Tomato flowers
What is never mentioned but I find perhaps even more important than food quantity is quality. Many of our essential vitamins and antioxidants come to us courtesy of pollinators. Vegetables and fruits are loaded with vitamins such as beta carotene, vitamin C and a few others.

More evidence can be found in Contribution of Pollinator-Mediated Crops to Nutrients in the Human Food Supply. Elisabeth J. Eilers, Claire Kremen, Sarah Smith Greenleaf, Andrea K. Garber, Alexandra-Maria Klein. The researchers found that most of the vitamins A, C and E come from crops pollinated by insects. A large proportion of the minerals calcium, fluoride and iron in our diet are also dependent on animal pollination. Lycopene and some antioxidants, β-cryptoxanthin and β-tocopherol, are entirely dependent on insect pollination.

So, in summary, if it wasn’t for pollinators we wouldn’t be one third hungrier. Instead we would be one hundred per cent dead.

Vegetables are indispensable because of their vitamins

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© Beatriz Moisset. 2012

Sunday, February 15, 2015

Before there were flowers: Wind Pollination

Pine tassels. © Beatriz Moisset

Pine cones. © Beatriz Moisset
Maine’s state flower is rather unusual because it is not a flower in the real sense. It is the white pine’s (Pinus strobus) tassel and cone. These are not flowers but serve the same function: the tassels produce pollen that has to arrive at the small, immature cones to produce seeds. Only then the cones can grow and reach maturity. Maine residents must be mighty proud of their pines and for very good reasons. It is a handsome tree of great value, and the tassels and cones, although not as colorful as most true flowers, are quite handsome. I am delighted at this peculiar choice because it serves to illustrate a significant point of pollination.

Long before there were any animal pollinators, only the wind performed this function. Wind pollinated plants have to produce vast quantities of pollen so that just a few grains can arrive to their destination; the immense majority never even come near the female cones and simply goes to waste. Pines, firs, spruce, and other conifers belong to an ancient lineage that appeared long before pollinators entered the scene. Thus they were and still are pollinated by the wind. Despite its inefficiency, this method works well enough when many plants of the same species grow relatively close to each other. This is why conifer forests are composed of only a small number of species. This is also why corn, another wind pollinated plant, needs at least several rows of plants to produce seeds.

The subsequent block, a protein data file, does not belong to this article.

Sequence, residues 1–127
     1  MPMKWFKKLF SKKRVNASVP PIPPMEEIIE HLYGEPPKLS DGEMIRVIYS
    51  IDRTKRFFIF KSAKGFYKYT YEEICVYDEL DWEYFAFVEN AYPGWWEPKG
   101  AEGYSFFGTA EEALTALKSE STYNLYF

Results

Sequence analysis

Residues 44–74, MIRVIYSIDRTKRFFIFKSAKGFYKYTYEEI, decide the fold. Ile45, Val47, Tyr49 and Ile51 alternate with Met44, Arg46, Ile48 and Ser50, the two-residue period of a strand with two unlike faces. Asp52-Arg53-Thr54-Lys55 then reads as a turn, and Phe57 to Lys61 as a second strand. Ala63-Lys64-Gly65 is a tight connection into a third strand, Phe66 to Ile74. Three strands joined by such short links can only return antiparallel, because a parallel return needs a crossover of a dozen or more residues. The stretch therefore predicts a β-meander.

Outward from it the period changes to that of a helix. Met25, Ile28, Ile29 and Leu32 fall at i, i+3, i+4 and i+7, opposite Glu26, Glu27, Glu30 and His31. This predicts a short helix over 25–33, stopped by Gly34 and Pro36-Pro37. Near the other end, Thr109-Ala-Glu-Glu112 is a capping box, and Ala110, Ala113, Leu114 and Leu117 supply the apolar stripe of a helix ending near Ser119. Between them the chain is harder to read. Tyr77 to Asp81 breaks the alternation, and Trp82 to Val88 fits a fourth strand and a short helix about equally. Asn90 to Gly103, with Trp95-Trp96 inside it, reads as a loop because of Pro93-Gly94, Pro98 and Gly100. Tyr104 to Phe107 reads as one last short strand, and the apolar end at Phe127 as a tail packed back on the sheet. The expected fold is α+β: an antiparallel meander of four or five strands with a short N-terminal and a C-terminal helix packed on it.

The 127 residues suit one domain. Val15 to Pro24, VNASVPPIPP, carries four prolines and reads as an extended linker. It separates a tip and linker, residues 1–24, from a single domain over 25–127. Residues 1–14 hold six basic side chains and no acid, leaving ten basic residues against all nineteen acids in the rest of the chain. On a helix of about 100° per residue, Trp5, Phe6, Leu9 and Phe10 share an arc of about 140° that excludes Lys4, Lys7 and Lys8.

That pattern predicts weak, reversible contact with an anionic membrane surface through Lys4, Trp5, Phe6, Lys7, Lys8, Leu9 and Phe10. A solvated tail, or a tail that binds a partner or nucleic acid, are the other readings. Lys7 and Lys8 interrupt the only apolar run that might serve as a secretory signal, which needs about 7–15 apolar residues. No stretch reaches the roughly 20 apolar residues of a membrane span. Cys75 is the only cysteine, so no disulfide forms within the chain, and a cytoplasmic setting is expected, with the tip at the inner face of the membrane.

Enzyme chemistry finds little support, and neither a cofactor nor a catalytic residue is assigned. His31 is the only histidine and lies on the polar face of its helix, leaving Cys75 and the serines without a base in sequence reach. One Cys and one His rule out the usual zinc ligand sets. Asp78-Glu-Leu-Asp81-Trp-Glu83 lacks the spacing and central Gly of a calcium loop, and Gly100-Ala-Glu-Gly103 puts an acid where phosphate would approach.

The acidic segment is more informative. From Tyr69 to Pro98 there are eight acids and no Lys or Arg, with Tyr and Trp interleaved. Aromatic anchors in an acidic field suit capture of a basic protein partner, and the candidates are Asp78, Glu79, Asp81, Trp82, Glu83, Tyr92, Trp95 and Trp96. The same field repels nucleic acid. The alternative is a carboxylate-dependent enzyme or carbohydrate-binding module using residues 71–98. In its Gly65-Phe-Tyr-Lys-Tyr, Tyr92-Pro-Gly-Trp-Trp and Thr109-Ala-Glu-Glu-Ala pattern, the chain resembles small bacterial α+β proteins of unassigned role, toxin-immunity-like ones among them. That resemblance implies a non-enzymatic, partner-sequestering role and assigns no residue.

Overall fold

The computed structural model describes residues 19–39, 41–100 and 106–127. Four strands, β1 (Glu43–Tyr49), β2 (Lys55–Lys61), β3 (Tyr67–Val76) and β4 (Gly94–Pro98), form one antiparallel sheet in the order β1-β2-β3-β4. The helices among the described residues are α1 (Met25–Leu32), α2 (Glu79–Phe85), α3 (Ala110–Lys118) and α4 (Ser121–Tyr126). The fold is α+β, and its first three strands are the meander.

Pollen dispersal by wind. © Beatriz Moisset
Getting back to the pine, both the tassel and the cone are well-adapted to their functions, increasing the chances that wind-carried pollen finds its destination. The tassels are placed higher on the tree. The cones are aerodynamically shaped to create small air whirlpools that direct the pollen grains toward the seeds. For millions of years, the land was dominated by these plants, along with even older ones, the seedless ones that reproduce by spores. The more ancient dinosaurs never saw a flower, nor did they care. The flower revolution was yet to come, and once started it would take the land by storm and spread to distant corners. Nowadays, wind pollinated conifers are more common than flowering plants only in harsh and cold environments near polar regions. Most plants everywhere else produce flowers.

The great advantage of flowers and of animal pollinated plants is that pollinators are more efficient than wind alone in transporting pollen to the intended target, thus even if individual plants are far apart, they still succeed at being pollinated. In fact, forests of tropical regions are made largely of blooming trees with so many different species packed in the same space that a pollinator has to travel some distance between members of the same species. So pollinators contribute to biodiversity, which in turn contributes to a more efficient way of using all available ecological resources.

Now I can get on with the story of pollinators of state flowers.

Also see: Pollinators of Official State Flowers 

Maine: White pine tassel and cone 

Monday, February 9, 2015

Pollinators of Official State Flowers

A tale of pollinators and pollination

as told by the official state flowers


We love flowers for their beauty and for the impact they have on diverse aspects of our lives. That is why we honor them by choosing an official state flower for each state of the union. A look at the list of state flowers reveals an amazing variety of shapes, colors, perfumes and blooming seasons. Some flowers are open and rather flat; others are elongated, trumpet like, with spurs, or intricately shaped. They may be grouped in clusters or stand alone. They come in a rainbow of colors and their scents are equally varied. Some bloom briefly in just one season, others do it for a longer time.